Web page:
Posted by: twotrees | March 23, 2018

Plastic Pangea

If you haven’t heard of the Great Pacific Garbage Patch then you haven’t been paying attention. It is a large mass of garbage (largely plastic) that is accumulating in the Pacific Ocean between North America and an area south of the Hawaiian Islands. And it’s big. Once thought to be the size of Texas, it is now thought to be twice that size. For those who love statistics, that is roughly 536,000 miles of volume. One could argue that it makes up the eighth continent on planet Earth and is estimated to weigh 174 million pounds. And growing.

If that’s not startling enough, here’s more: It’s growing and much of the plastic, which scientists know dates back at least 40 years, is decomposing, which is a bad thing.

Large chunks of debris, like plastic, are easier to collect and generally less likely to end up inside of marine life. There are exceptions, when whales, great white sharks and others consume large pieces and often die a slow death due to the trash clogging their intestines.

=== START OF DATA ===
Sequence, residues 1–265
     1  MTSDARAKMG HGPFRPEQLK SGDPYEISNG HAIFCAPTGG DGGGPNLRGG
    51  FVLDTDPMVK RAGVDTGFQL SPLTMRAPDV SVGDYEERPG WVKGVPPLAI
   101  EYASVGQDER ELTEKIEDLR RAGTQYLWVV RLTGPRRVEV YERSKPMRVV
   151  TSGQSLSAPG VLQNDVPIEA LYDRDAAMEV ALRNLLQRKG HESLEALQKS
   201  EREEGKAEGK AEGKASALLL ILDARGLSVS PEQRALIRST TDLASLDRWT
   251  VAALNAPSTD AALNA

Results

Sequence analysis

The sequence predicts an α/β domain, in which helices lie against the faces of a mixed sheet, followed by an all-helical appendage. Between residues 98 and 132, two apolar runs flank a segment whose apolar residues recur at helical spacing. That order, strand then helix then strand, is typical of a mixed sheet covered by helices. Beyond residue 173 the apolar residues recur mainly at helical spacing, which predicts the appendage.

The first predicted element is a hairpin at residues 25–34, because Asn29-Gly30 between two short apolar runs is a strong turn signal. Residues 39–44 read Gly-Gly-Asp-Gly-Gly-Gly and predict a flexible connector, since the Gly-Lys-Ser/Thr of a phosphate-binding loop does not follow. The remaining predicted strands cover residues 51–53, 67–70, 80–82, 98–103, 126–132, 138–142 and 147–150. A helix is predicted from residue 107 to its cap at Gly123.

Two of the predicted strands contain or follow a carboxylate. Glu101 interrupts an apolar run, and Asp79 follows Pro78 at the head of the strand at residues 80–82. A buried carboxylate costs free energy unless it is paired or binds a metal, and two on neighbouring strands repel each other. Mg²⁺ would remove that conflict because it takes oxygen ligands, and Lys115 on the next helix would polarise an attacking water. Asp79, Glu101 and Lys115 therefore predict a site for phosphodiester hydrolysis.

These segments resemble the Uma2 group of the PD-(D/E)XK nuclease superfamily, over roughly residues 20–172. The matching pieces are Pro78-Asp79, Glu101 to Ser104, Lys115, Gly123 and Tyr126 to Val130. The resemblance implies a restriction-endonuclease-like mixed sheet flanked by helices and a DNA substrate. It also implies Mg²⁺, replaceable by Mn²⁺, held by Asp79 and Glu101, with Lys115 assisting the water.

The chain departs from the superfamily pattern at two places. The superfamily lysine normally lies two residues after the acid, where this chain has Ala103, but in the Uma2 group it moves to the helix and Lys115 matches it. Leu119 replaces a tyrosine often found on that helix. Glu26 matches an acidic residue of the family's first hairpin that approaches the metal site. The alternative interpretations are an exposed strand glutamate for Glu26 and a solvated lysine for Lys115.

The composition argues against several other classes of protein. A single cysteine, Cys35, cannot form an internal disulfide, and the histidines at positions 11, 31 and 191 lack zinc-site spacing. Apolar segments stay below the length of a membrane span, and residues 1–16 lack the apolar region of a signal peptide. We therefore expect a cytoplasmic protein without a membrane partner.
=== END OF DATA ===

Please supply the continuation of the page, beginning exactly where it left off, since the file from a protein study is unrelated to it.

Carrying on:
But the small stuff is more insidious and finds its way into and up the food chain, affecting all forms of life (including yours).  Although scientists feel that it’s unlikely to move out of the area which it now owns, imagine if it did (due to wind, tides, etc..) and landed on the beaches of California, Mexico or Hawaii.  Say goodnight…

Read the LA Times story about it here, which has a link to the original published piece in the journal Scientific Reports: http://enewspaper.latimes.com/desktop/latimes/default.aspx?pnum=6&edid=84bc38a0-b714-4b86-b747-a340214de449

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